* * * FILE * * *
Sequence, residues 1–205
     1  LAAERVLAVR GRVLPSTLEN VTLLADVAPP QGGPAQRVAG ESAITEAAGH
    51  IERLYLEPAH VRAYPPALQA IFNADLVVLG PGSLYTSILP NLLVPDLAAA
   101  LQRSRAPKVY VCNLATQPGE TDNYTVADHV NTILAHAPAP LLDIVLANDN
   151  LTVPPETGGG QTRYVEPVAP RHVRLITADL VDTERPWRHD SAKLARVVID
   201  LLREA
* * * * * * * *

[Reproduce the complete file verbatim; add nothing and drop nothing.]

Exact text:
Sequence, residues 1–205
     1  LAAERVLAVR GRVLPSTLEN VTLLADVAPP QGGPAQRVAG ESAITEAAGH
    51  IERLYLEPAH VRAYPPALQA IFNADLVVLG PGSLYTSILP NLLVPDLAAA
   101  LQRSRAPKVY VCNLATQPGE TDNYTVADHV NTILAHAPAP LLDIVLANDN
   151  LTVPPETGGG QTRYVEPVAP RHVRLITADL VDTERPWRHD SAKLARVVID
   201  LLREA